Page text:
Google’s latest algorithm change is designed to ease the frustration web users feel when, instead of finding useful answers to their search queries, they are faced with clickbait. With the helpful content update, the search giant is using machine learning to deprioritize content created specifically to game search engine results.
- On August 25th, Google released its August 2022 ‘helpful content’ Search update. The major new algorithm update could take up to two weeks to complete and is designed to make it easier for people to find ‘helpful content made by, and for, people’.
- The company has acknowledged that Search users get frustrated when they land on web pages that appear to offer the answers they are looking for, then don’t live up to expectations. Writing on Google’s Keyword blog earlier in August, Google’s Public Liaison for Search, Danny Sullivan, said:
We know people don’t find content helpful if it seems like it was designed to attract clicks rather than inform readers.
- The helpful content update will use machine learning to downrank content that isn’t judged to provide the insight Search users are looking for. According to Google that includes content that is unoriginal, is low quality, and was created primarily for search engines, not for the benefit of users.
Promoting people-first content
Google has provided advice for content creators on its Search Central blog to ensure they will be able to meet revised Search requirements after the new updates roll out.
- It recommends that publishers take a “people-first” approach, producing user-friendly content rather than content that’s been manipulated to rank highly on search engines. To help content creators understand what it means by a people-first approach, Google suggests asking a series of questions of your content:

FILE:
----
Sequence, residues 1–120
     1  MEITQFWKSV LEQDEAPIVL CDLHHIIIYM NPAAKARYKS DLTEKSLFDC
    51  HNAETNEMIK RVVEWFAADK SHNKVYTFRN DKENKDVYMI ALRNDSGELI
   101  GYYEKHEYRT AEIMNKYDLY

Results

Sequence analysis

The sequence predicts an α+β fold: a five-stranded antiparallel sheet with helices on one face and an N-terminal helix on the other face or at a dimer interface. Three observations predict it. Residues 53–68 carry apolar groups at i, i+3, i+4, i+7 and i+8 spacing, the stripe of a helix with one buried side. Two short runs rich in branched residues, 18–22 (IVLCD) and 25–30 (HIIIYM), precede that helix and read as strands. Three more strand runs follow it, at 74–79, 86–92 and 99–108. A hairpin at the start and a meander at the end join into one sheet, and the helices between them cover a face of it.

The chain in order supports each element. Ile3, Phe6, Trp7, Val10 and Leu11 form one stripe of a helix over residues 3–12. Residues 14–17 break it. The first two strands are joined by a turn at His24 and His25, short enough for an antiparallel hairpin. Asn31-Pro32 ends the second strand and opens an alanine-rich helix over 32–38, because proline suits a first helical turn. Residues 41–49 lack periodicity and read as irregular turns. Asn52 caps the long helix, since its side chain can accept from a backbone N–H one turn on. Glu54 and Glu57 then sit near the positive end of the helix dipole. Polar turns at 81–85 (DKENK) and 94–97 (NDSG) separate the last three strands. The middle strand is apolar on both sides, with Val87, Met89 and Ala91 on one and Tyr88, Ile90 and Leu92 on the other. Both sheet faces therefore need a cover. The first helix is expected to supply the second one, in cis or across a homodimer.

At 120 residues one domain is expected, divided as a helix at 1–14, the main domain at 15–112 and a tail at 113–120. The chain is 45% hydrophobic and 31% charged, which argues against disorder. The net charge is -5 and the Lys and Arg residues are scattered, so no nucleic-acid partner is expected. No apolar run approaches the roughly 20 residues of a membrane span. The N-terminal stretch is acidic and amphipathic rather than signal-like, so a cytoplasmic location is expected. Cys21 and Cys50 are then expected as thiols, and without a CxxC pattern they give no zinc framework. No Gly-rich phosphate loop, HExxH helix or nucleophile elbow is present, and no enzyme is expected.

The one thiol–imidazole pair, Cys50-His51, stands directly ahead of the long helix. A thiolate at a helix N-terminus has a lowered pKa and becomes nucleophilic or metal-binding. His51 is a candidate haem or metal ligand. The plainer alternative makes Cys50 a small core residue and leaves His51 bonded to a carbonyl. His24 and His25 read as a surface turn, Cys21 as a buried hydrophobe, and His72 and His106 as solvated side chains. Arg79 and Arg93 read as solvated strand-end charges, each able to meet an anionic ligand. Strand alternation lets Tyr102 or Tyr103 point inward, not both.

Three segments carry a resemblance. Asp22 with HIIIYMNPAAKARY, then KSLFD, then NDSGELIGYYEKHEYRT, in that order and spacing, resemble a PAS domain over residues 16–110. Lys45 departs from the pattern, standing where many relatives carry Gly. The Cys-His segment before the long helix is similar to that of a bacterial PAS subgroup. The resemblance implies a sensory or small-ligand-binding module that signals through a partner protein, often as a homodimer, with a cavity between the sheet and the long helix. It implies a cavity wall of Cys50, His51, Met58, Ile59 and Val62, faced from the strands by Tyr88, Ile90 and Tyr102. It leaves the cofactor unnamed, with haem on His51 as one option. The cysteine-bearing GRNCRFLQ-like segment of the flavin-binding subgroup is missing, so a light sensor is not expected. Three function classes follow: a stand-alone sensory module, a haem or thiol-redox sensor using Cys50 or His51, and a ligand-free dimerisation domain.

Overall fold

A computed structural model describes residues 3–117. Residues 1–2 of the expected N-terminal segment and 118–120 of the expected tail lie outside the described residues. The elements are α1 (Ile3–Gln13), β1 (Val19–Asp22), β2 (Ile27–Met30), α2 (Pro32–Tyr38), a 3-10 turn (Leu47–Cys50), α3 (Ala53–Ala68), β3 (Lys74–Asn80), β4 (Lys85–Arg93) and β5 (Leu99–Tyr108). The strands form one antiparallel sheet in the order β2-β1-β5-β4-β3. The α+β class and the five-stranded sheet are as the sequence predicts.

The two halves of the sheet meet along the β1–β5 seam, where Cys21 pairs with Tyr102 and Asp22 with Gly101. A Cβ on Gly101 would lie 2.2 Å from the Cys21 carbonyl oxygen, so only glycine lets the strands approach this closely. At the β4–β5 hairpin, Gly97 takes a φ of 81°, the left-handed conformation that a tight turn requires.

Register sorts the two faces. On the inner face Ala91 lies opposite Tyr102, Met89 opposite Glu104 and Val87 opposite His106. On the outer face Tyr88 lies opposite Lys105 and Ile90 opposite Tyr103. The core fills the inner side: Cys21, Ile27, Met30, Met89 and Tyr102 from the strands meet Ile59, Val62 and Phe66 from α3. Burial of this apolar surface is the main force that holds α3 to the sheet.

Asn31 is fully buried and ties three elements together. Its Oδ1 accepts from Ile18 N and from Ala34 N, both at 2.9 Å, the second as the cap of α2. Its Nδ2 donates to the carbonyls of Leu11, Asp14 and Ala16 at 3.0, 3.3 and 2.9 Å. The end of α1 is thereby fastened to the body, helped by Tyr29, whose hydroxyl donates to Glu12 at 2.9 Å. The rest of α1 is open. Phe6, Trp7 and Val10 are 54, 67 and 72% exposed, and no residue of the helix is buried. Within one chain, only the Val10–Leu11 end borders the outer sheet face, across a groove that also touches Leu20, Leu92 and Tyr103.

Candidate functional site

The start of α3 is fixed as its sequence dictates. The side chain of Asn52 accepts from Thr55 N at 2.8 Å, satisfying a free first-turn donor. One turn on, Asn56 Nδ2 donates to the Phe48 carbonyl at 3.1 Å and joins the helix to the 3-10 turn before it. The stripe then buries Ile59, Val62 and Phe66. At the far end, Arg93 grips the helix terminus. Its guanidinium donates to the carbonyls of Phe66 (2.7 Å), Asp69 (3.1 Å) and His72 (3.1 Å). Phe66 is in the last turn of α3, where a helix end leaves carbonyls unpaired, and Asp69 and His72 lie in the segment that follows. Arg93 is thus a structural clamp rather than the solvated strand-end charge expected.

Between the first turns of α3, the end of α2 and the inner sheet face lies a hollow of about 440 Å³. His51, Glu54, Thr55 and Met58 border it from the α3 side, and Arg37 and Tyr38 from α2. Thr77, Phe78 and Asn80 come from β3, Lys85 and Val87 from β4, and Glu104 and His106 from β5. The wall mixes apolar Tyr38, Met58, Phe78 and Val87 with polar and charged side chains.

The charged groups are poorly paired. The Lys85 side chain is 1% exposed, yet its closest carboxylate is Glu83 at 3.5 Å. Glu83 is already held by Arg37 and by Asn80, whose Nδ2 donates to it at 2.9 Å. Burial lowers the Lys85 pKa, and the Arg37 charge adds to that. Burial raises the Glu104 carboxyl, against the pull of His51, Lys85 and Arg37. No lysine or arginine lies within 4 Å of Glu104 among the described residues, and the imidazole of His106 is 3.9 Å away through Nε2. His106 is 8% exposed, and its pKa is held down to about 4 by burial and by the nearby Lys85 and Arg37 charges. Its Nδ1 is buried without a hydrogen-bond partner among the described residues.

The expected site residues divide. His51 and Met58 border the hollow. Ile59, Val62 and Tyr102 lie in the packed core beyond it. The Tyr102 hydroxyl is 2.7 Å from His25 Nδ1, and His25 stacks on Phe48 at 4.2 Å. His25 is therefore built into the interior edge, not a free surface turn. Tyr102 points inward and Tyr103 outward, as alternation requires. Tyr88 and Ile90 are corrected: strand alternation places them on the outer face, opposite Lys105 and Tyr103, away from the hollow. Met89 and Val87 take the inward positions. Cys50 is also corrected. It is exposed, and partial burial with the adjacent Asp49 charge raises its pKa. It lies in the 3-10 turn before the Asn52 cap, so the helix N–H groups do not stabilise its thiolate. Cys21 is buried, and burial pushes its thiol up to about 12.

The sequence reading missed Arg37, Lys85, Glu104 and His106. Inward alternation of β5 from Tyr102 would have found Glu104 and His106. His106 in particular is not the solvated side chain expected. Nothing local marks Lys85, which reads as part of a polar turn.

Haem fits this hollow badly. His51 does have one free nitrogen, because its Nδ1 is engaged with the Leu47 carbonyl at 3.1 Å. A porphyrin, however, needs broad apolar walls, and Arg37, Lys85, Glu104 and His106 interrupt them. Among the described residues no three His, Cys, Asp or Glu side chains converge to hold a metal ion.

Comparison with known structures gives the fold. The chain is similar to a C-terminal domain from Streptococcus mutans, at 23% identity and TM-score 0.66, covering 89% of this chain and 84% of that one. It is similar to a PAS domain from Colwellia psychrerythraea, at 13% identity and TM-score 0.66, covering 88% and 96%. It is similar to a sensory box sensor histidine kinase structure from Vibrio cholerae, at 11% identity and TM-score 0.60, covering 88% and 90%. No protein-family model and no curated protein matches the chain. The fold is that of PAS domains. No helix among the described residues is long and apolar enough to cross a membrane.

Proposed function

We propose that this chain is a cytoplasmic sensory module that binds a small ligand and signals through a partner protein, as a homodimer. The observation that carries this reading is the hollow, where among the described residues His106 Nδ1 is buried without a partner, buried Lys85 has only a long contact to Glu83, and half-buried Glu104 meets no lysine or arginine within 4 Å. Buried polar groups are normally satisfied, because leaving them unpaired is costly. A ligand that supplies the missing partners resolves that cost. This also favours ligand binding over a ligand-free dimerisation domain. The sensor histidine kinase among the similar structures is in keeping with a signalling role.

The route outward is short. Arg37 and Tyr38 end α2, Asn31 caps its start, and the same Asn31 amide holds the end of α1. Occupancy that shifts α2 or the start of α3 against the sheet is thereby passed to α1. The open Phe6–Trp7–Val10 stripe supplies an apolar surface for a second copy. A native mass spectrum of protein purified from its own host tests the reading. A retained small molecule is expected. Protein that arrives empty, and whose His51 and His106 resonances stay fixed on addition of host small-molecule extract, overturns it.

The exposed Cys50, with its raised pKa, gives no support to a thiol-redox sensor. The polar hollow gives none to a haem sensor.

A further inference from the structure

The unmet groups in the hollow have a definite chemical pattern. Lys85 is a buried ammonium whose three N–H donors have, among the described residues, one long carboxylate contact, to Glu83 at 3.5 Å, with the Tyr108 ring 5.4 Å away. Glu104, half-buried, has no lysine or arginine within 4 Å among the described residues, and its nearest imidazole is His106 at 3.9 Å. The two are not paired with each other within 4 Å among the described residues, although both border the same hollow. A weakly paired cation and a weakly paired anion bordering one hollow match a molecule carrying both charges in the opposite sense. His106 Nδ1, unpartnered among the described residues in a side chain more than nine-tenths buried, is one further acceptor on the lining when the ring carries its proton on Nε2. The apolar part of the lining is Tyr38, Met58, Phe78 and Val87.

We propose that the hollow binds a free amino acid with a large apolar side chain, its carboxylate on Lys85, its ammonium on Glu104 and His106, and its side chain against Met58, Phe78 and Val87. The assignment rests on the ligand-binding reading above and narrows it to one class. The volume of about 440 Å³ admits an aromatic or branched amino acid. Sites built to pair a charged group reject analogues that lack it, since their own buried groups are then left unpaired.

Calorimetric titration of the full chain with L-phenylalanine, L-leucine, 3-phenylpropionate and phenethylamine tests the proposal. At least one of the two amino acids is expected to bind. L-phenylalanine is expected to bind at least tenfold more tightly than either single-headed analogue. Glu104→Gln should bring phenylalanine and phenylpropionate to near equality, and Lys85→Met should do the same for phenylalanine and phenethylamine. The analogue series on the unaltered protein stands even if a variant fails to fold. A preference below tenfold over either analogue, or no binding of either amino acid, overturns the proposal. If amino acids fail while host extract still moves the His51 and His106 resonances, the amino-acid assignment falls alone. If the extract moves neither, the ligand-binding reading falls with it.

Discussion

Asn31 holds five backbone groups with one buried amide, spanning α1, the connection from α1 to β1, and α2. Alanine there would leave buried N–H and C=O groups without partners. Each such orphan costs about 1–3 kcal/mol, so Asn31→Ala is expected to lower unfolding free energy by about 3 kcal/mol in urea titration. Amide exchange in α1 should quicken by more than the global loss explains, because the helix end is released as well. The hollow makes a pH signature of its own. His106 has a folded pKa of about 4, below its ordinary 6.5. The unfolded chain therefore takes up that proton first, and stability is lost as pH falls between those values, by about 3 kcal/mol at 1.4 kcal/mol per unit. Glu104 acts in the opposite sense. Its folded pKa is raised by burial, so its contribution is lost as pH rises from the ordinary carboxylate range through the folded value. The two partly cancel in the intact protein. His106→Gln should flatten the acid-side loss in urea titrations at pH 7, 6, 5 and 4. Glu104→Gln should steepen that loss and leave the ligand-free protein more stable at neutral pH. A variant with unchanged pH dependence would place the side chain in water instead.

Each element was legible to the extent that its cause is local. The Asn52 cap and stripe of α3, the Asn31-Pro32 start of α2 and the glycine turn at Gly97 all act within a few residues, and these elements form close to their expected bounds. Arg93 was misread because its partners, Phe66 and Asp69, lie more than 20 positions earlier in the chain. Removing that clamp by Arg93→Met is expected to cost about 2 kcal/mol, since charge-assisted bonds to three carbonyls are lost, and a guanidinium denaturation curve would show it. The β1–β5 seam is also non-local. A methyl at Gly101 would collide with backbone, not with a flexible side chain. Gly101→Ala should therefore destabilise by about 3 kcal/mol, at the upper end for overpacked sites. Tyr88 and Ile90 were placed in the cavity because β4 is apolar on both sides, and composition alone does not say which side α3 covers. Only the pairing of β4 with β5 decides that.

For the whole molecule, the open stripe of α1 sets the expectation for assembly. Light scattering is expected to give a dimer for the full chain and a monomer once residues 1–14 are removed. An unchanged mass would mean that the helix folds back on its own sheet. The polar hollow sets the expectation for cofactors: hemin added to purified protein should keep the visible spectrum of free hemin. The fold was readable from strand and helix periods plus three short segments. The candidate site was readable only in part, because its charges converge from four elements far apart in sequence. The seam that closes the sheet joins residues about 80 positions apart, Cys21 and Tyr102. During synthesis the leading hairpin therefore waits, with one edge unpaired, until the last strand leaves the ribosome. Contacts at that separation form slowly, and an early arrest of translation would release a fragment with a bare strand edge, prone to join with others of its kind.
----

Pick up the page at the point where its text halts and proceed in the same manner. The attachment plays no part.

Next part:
- Would your existing or intended audience find the content useful if they came directly to you?
- Does your content clearly demonstrate first-hand expertise and a depth of knowledge?
- After reading your content, will someone leave feeling they’ve learned enough about a topic to help achieve their goal?
- Will someone reading your content leave feeling like they’ve had a satisfying experience?
Avoiding search-engine-first content
Google’s people-first approach does not invalidate following SEO best practice. However, the tech giant says that content created primarily to generate search engine traffic correlates strongly with content that searchers find unsatisfying.
Publishers are likely to be penalized if they use extensive automation, target only trending topics, summarize without adding value and write on niche subjects without any real expertise.
Mirroring the people-first advice, Google suggests a series of questions that will help publishers identify when they are taking a search engine-first approach. These include:
- Is the content primarily to attract people from search engines, rather than made for humans?
- Are you producing lots of content on different topics in hopes that some of it might perform well in search results?
- Does your content leave readers feeling like they need to search again to get better information from other sources?
- Does your content promise to answer a question that actually has no answer, such as suggesting there’s a release date for a product, movie, or TV show when one isn’t confirmed?
According to Danny Goodwin writing on Search Engine Land, most SEOs are taking a ‘wait-and-see approach’ to the Helpful Content update. He did however say that he was surprised that so many SEOs are confident that their content is helpful.
A Twitter poll asking if the announcement had SEOs concerned showed:
- 44.1% were not worried, they thought their content was helpful
- 46.6% were waiting to see how the update played out
- 9.3% thought that they need to improve their content